Recently I had the opportunity to listen to a book talk given by Kimberla Lawson-Roby. She’s a prolific women’s fiction author who has written over 24 books in the last couple of decades. So when she talked, I listened. I also took notes because, one day, I fully intend to be able to get a hundred or so people in a room to discuss my books and writing process, too!
From Kimberla, I learned a few things.
Be yourself. People came to see her because they like her books. But, they also like her. Otherwise, they could have bought the book, read it, and let that be the end of it. She was personable and engaging.
Go with the Flow. The person who gave her introduction mentioned that Kimberla’s husband was her biggest supporter. She used that as an opportunity to share about how she first started out (self-published, by the way!) and to give her personal/professional background.
Know your audience. The event took place at a library that was also hosting a large gathering of authors. She not only spoke about her books, but also specifically gave tips and encouragement for aspiring writers.
Invest in your talent. Kimberla left a well-paying career that she was already established in to pursue her dream of being an author. Initially, she attempted to obtain a book deal with one of the Big 5 and that didn’t pan out. Instead of giving up, or continuing to chase publishing houses that weren’t checking for her, she invested in herself and independently published her first book. Her dedication to writing, marketing and engaging with readers paid off. Eventually, one of the Big 5 came knocking at her door and the rest is history!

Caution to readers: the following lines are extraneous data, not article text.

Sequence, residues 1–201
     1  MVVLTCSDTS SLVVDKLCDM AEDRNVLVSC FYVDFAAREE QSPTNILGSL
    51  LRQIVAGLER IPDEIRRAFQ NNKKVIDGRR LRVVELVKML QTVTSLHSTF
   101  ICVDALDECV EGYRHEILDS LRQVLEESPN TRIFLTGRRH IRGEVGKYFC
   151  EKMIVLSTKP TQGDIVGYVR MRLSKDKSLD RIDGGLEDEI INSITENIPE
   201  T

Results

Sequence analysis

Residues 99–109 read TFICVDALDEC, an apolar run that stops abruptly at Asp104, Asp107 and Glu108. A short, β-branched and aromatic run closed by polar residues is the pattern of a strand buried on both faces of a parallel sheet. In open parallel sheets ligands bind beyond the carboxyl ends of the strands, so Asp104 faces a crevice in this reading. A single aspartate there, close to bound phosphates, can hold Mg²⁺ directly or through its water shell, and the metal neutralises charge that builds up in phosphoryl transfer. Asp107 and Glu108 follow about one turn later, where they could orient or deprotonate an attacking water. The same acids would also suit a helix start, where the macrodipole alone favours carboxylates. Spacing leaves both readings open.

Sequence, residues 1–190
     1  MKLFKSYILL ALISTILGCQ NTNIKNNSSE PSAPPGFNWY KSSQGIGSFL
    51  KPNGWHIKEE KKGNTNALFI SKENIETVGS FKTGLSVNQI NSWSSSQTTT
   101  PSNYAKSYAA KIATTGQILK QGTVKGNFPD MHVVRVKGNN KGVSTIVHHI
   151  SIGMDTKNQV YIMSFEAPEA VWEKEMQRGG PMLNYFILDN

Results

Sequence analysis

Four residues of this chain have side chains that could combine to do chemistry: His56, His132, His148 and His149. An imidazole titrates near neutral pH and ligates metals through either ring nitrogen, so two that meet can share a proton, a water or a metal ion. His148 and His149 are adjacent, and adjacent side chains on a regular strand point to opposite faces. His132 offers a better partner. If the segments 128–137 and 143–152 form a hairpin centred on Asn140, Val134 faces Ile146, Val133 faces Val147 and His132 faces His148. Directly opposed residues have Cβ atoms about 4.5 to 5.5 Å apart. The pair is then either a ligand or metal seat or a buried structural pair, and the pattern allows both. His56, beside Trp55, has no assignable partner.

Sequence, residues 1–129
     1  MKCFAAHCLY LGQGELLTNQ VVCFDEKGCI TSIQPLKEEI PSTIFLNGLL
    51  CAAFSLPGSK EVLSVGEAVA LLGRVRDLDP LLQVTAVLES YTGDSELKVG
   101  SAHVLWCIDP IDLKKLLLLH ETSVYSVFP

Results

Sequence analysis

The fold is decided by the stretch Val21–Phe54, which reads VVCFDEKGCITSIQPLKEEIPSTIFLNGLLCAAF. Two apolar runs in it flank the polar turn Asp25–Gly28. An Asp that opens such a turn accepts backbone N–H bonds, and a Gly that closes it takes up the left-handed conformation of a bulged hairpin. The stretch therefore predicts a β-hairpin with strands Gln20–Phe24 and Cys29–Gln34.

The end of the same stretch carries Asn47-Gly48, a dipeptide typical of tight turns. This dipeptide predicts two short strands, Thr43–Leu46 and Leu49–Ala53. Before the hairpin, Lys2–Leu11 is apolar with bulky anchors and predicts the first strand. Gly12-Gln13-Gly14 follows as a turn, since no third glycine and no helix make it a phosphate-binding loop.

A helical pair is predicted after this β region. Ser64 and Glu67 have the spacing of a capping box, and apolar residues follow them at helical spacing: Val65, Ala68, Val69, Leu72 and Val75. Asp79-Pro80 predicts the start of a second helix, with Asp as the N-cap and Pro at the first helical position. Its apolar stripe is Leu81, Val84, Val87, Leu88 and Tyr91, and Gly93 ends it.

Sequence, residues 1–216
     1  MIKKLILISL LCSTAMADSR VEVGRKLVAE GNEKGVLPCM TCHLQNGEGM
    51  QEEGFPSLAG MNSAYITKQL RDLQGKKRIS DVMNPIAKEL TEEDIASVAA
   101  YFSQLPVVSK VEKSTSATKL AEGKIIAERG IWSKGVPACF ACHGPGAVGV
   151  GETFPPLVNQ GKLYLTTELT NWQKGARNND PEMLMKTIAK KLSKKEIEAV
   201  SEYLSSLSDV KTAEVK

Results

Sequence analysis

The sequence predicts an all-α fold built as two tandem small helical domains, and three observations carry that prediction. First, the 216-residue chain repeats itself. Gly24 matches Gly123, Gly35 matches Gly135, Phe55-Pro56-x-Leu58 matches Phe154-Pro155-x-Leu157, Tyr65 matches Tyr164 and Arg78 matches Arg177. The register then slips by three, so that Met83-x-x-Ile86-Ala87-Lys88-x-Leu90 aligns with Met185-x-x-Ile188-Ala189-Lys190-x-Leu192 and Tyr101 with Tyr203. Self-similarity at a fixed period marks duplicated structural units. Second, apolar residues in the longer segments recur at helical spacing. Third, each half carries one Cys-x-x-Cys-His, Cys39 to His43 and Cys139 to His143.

Stand by your work. A large body of Kimberla’s work speaks on the hypocrisy of some churches in general, and a man of the clothe by the name of Curtis Black in particular. Some critics took offense at the fact that Kimberla chose to ‘expose’ the church by writing on topics of infidelity, abuse, addiction, etc as it relates to church folk. Kimberla stood by the fact that she wrote what she saw and experienced in some churches. What you choose to write may not always be pretty, but speak your truth and be prepared to stand by it.
Promote yourself. I almost wanted to do a fist pump when she effortless segued from a question that had spiraled into a rather long discussion and gently ushered in the title of her upcoming release. From there, Kimberla proceeded to read the opening pages of her next novel, sharing just enough to wet everyone’s appetite. I’m sure her pre-orders had a spike that day!
Show your appreciation. I couldn’t count the number of times Kimberla made it a point to show her gratitude and appreciation for her readers, the library staff, the book clubs in attendance and everyone who came out in support of her. I always say that appreciation and grace are the marks of a true lady, and I saw that in her.
I thoroughly enjoyed being in the audience that day and witnessing first hand the impact that a single person can have on so many people through her dedication to the art of writing. Writers spend a lot of time alone as a part of the job, but moments of engagement help reinforce that it’s all for a very good reason.
As a reader, what do you most look forward to at book discussions? As a writer, what do you do most hope to accomplish? For me, as a reader I want some back story on the characters, and as a writer I want to be remembered enough for them to buy my book!